Chris Froome may already be in yellow after just nine days’ racing, and in a stronger position than he could have hoped in this year’s Tour de France, but with all of the key mountain stages to come, starting on Tuesday, the Sky leader wisely preaches caution.
“It is up to the other teams to put pressure on us, we’re getting into the heart of the race now,” Froome said on Monday’s rest day. “This is where the real race for yellow truly starts.”
The 30-year-old recognised that having an advantage over all his rivals – ranging from 12 seconds on American Tejay van Garderen to over eight minutes on France’s Thibaut Pinot, third last year – gives him a strong starting point for the mountains. But he was adamant, too, that after nine days of fierce skirmishing the battle for overall victory was about to begin in earnest in the Pyrenees.
The first big challenge comes today on the 15-kilometre summit finish of La Pierre-Saint-Martin, a “beyond-category ascent” last tackled in 2007. The first major climb of 2015 comes after a rest day and represents a radical change of pace after previous stages – the type of ascent that often sees major contenders in trouble.
“It’s a key stage. It’s not as hard as the others but it is the first big test – it’s a gauge of what can happen over the next two weeks,” Froome said.
“It’ll be a very important day, and I’m very glad I’m not trying to make up time on somebody else. It’s up to the others to show their cards.”
That could include both Nairo Quintana and Alberto Contador. The Colombian climber came through Sunday’s team time trial with flying colours and his team only three seconds behind Sky. Despite being nearly two minutes behind Froome, Quintana has not gone all-out against the British rider on the climbs in any Grand Tour since 2013. “He will be the person to look out for in this part in the race,” Froome said.
Quintana will have plenty of opportunities. Today’s summit finish is followed by two more very difficult stages in the Pyrenees – the mountain range’s single hardest climb, the Tourmalet, before a summit finish at Cauterets, and then another exceptionally difficult summit finish at Plateau de Beille on Thursday, where Contador won en route to victory in 2007.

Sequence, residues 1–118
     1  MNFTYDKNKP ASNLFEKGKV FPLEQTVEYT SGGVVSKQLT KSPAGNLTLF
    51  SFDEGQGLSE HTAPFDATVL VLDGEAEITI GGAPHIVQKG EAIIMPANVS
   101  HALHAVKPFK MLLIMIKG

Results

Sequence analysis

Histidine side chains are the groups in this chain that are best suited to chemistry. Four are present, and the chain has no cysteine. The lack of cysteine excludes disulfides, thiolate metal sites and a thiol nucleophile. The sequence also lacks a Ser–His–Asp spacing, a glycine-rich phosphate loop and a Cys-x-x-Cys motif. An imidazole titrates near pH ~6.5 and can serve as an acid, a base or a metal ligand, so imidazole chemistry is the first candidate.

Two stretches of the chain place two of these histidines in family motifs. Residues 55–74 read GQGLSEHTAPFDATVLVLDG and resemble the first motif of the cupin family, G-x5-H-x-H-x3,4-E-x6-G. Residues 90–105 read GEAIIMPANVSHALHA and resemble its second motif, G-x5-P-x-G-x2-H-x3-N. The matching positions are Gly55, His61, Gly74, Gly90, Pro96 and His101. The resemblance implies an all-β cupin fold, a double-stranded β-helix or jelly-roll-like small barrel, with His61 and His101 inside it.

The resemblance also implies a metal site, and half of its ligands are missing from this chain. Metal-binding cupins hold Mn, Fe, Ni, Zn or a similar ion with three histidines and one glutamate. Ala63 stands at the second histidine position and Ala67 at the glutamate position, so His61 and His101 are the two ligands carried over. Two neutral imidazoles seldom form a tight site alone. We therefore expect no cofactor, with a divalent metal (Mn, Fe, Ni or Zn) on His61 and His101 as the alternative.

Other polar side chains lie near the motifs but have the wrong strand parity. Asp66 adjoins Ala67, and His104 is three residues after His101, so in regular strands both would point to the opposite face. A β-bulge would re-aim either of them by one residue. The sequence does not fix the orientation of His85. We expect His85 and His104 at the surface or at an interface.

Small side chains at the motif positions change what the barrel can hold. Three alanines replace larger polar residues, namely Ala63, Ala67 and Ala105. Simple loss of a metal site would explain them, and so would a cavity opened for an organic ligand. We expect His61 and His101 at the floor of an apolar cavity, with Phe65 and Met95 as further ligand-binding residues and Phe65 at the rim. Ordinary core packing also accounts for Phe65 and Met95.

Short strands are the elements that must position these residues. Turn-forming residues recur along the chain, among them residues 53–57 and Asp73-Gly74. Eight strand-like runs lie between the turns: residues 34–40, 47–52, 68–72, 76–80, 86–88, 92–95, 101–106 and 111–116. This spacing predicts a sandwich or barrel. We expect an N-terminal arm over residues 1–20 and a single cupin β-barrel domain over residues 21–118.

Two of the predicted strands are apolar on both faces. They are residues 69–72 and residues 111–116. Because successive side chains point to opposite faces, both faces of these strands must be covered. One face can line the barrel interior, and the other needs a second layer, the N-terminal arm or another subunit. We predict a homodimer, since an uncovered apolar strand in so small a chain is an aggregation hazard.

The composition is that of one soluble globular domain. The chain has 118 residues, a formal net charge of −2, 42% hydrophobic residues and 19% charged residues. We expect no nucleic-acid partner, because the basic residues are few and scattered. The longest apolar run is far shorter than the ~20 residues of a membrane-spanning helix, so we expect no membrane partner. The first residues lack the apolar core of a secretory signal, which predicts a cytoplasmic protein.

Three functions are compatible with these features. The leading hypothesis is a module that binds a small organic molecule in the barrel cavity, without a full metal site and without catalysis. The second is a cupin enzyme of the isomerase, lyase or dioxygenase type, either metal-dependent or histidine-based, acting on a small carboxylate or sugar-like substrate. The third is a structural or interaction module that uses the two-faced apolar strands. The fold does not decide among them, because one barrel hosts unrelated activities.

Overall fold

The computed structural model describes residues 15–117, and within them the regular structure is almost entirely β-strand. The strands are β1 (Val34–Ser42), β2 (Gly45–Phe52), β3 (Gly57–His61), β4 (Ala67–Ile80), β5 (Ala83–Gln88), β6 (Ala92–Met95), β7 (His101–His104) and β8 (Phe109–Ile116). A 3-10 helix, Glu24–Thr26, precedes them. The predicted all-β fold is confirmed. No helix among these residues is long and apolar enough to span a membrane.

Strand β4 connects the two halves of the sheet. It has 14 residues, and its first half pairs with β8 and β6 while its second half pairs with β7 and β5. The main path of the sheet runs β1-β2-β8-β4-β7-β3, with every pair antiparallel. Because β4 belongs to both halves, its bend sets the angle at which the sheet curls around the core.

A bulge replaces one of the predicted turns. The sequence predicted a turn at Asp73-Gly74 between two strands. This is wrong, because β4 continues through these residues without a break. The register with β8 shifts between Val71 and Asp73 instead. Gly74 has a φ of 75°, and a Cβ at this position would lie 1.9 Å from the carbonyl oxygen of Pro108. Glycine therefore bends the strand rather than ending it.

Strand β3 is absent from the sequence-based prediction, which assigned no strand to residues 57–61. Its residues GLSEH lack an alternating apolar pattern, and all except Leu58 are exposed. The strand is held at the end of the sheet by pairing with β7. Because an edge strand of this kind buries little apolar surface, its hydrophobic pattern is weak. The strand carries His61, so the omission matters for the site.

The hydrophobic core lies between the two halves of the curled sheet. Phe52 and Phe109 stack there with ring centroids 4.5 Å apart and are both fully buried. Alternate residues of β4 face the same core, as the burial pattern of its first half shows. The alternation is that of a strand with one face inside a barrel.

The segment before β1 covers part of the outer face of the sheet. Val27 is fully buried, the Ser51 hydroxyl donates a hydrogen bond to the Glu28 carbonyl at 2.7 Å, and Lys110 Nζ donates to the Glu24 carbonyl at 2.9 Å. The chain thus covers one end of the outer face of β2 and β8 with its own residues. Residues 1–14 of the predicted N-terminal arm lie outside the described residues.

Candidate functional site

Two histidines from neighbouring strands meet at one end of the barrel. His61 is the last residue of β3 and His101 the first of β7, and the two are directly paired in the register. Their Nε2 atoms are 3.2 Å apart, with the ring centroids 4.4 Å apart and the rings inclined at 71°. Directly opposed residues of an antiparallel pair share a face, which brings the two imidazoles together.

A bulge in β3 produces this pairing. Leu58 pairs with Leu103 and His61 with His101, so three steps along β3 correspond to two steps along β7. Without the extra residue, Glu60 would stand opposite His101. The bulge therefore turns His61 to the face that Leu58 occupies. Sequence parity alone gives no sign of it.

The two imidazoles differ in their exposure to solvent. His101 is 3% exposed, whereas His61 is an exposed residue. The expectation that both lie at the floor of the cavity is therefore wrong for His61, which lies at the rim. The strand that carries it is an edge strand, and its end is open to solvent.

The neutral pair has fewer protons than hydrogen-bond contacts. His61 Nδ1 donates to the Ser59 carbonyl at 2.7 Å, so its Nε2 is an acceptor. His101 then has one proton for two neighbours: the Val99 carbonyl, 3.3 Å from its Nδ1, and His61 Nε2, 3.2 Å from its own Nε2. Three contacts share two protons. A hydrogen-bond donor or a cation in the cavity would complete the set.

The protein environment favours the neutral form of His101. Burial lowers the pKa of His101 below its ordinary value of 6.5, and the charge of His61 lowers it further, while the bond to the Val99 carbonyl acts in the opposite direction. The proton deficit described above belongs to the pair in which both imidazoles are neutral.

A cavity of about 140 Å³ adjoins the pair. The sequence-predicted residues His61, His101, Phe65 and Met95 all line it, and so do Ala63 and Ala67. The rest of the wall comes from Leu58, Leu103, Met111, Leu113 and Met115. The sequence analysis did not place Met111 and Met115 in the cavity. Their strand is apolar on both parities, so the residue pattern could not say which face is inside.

“Alberto is definitely a guy who waits for a moment when other people’s weaknesses are exposed and he takes full advantage,” Froome added. “He’s lost a small amount of time, but he’s someone I can’t just let get up the road.”
On the plus side for Sky, Froome believes he is in a better physical condition than when he won the Tour two years ago. “Then I had won pretty much every race beforehand. I did feel that, once I was past the halfway mark, I was almost hanging on to the finish. This year I’m a lot fresher, a lot more mentally prepared. I feel as if I’m getting stronger.”
One key difference from last year, when Sky started out with Richie Porte as a second option, is that they are putting all their general classification eggs into one basket with Froome.
This was confirmed by Froome’s team-mate Geraint Thomas, lying eighth overall. When asked if he could either make the podium or represented a plan B for Sky, his answer to both questions was a flat “No”, qualified by calling a possible podium finish an “out of this world” result. Thomas said he would be focusing on his team worker’s role and supporting Froome all the way to Paris.
Rival team Tinkoff-Saxo suffered a dramatic loss to their team worker line-up yesterday when one of their key domestiques, Italian Ivan Basso, announced he was quitting after being diagnosed with testicular cancer.
Basso, 37, a vital climber for Contador, said that an examination, following an injury on stage five, had revealed the cancer.
Contador said: “It was a very tough blow… we never imagined a day like this. Ivan and I have spent 120 of the past 180 days together. I’m sure we’ll be together to celebrate in Paris.”Reuse content